Glucocorticoid inhibited the expression of CXCR4 of MSCs and EPCs via FPR

The mRNA and protein expression of CXCR4 in MSCs and EPCs were significantly inhibited after the corticosterone stimulation at the stressful concentrations, which are both reversed by the Cyclosporin H (1 μm) pretreatment (Fig. 3), suggesting the potential crosstalk between FPR and CXCR4 after acute stress.

Fig. 3
figure3

Glucocorticoid inhibited the CXCR4 expression of bone marrow-derived stem/progenitor cell subsets via FPR. a GC inhibited the CXCR4 mRNA expression in MSCs. *P < 0.05, **P < 0.01 vs. the control group. #P < 0.05 vs. the 75 ng/ml group. b GC inhibited the CXCR4 mRNA expression in EPCs. **P < 0.01 vs. the control group. #P < 0.05 vs. the 75 ng/ml and 100 ng/ml groups. c RU486 reversed the GC-induced CXCR4 mRNA expression in MSCs. *P < 0.05 vs. the control group. d RU486 reversed the GC-induced CXCR4 mRNA expression in EPCs. *P < 0.05 vs. the control group. e, g CXCR4 protein expression in MSCs. *P < 0.05 vs. the 0 ng/ml group. Control: the negative control. f, h CXCR4 protein expression in EPCs. *P < 0.05, **P < 0.01 vs. the 0 ng/ml group. Control: the negative control. ##P < 0.01 vs. the 75 ng/ml group. MSCs, mesenchymal stem cells; EPCs, endothelial progenitor cells; GC, glucocorticoid; FPR, formyl peptide receptor. Data are mean ± SD of six representative observations

Glucocorticoid-induced colocalization of FPR and CXCR4 of MSCs and EPCs

Pearson’s coefficient in colocalized volume was significantly increased in MSCs while it was decreased in EPCs (P < 0.05, P < 0.01) after their double immunofluorescence staining, which is related to the changing amount and relative positions of these two receptors. Further, when pretreated with RU486 (10 μm), Pearson’s coefficient in the colocalized volume of corticosterone-treated MSCs and EPCs was obviously reversed compared to the GC group (P < 0.05). Meanwhile, it was also reversed when pretreated with Cyc H (1 um), a specific FPR antagonist, but more than that in the GC + RU486 group (P < 0.05) (Figs. 4 and 5).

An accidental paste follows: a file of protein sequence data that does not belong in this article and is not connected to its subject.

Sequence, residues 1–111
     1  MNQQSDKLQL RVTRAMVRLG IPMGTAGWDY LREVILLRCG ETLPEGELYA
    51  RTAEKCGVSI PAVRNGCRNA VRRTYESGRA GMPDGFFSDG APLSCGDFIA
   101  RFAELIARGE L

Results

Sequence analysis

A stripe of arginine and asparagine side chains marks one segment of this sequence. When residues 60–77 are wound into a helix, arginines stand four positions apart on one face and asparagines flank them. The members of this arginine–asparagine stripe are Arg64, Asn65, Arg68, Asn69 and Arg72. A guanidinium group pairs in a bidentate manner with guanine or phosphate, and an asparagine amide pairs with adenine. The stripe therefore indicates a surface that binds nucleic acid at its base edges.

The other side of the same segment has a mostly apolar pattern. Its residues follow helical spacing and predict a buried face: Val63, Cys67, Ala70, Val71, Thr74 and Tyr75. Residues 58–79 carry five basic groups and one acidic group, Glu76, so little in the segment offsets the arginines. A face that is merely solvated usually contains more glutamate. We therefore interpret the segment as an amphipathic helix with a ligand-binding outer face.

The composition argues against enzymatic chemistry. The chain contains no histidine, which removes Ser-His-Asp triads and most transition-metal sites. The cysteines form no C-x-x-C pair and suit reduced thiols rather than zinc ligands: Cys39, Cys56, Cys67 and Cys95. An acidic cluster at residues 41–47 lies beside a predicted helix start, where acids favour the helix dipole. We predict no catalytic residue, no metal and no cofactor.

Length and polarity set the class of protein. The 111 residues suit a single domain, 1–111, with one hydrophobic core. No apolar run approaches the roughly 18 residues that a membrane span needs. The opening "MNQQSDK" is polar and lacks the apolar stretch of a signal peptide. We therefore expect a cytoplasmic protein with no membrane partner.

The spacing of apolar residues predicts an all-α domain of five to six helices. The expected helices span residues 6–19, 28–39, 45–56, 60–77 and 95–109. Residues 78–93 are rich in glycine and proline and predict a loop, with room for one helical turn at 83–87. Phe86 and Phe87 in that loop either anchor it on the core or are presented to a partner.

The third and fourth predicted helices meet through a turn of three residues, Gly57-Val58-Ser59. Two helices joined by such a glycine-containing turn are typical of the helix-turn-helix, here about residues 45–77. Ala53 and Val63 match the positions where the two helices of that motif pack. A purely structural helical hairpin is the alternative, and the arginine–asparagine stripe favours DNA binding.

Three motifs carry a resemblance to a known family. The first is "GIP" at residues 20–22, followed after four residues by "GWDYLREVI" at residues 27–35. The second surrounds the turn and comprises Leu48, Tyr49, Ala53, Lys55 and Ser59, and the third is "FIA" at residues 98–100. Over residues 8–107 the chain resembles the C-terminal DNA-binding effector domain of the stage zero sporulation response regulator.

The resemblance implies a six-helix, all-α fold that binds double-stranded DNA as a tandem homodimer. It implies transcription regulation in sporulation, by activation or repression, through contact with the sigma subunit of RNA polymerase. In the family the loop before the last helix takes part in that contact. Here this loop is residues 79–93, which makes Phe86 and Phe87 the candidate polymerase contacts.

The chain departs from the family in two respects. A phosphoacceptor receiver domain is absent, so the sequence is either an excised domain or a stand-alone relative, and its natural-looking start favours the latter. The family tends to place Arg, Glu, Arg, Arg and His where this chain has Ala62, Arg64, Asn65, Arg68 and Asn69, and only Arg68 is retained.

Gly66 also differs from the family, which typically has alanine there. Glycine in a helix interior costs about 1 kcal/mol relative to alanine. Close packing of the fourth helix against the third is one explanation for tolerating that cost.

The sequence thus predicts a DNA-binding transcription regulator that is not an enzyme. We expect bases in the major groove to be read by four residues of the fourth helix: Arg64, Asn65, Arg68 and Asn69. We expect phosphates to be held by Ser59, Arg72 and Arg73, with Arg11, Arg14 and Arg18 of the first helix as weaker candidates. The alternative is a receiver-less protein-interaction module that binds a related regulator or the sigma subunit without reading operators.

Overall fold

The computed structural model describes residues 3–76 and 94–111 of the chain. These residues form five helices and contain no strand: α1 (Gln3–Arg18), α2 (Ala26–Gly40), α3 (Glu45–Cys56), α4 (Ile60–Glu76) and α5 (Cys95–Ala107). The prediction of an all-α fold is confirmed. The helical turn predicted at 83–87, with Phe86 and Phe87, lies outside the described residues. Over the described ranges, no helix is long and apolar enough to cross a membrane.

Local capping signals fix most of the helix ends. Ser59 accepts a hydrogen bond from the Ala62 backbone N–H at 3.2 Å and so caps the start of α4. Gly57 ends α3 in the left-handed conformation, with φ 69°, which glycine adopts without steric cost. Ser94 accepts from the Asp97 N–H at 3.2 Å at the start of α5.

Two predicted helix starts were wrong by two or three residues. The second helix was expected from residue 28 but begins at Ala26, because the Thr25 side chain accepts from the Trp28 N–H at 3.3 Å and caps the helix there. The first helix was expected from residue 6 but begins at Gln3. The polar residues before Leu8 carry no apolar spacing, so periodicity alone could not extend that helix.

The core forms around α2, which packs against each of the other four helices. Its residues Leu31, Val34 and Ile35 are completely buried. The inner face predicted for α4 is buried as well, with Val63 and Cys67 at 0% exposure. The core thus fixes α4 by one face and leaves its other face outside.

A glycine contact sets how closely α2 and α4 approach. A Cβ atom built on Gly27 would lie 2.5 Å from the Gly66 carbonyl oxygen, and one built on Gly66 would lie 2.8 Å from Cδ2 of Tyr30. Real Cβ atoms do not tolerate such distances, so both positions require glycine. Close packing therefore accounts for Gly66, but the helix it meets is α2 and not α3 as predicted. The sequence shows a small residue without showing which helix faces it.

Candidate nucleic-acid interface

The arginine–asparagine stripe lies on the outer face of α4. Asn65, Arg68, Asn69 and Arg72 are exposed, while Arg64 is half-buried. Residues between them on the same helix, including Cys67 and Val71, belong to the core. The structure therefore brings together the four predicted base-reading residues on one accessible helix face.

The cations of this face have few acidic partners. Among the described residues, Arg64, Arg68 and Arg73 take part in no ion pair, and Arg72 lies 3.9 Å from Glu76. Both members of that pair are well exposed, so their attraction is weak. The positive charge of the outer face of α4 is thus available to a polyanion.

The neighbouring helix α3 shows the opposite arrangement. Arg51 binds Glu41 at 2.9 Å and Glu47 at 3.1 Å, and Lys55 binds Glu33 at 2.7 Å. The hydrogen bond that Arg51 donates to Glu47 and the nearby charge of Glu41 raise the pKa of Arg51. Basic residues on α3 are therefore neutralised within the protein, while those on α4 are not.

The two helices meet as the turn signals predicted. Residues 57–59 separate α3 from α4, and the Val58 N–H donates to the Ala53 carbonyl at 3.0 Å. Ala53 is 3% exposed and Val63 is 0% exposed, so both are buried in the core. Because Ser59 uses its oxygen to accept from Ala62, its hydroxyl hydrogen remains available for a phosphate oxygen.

Fig. 4
figure4

Glucocorticoid regulated the colocalization of FPR and CXCR4 of bone marrow-derived mesenchymal stem cells. a Colocalization of FPR and CXCR4 in MSCs after double immunofluorescence staining, deconvolution, and spotted treatment. b 2D histogram of Pearson’s coefficient in colocalized volume in MSCs. c Scatterplot of the vesicle relative position of FPR and CXCR4 after vantage treatment in MSCs. Pearson’s coefficient in colocalized volume was significantly decreased in MSCs after 75 ng/ml corticosterone treatment. When pretreated with RU486 (10 μm), Pearson’s coefficient in the colocalized volume of corticosterone-treated MSCs was obviously reversed compared to the 75 ng/ml GC group. Meanwhile, it was also reversed when pretreated with Cyc H (1 μm), a specific FPR antagonist. **P < 0.01 vs. the 0 ng/ml GC group, #P < 0.05 vs. the 75 ng/ml group. Data are one of three representative observations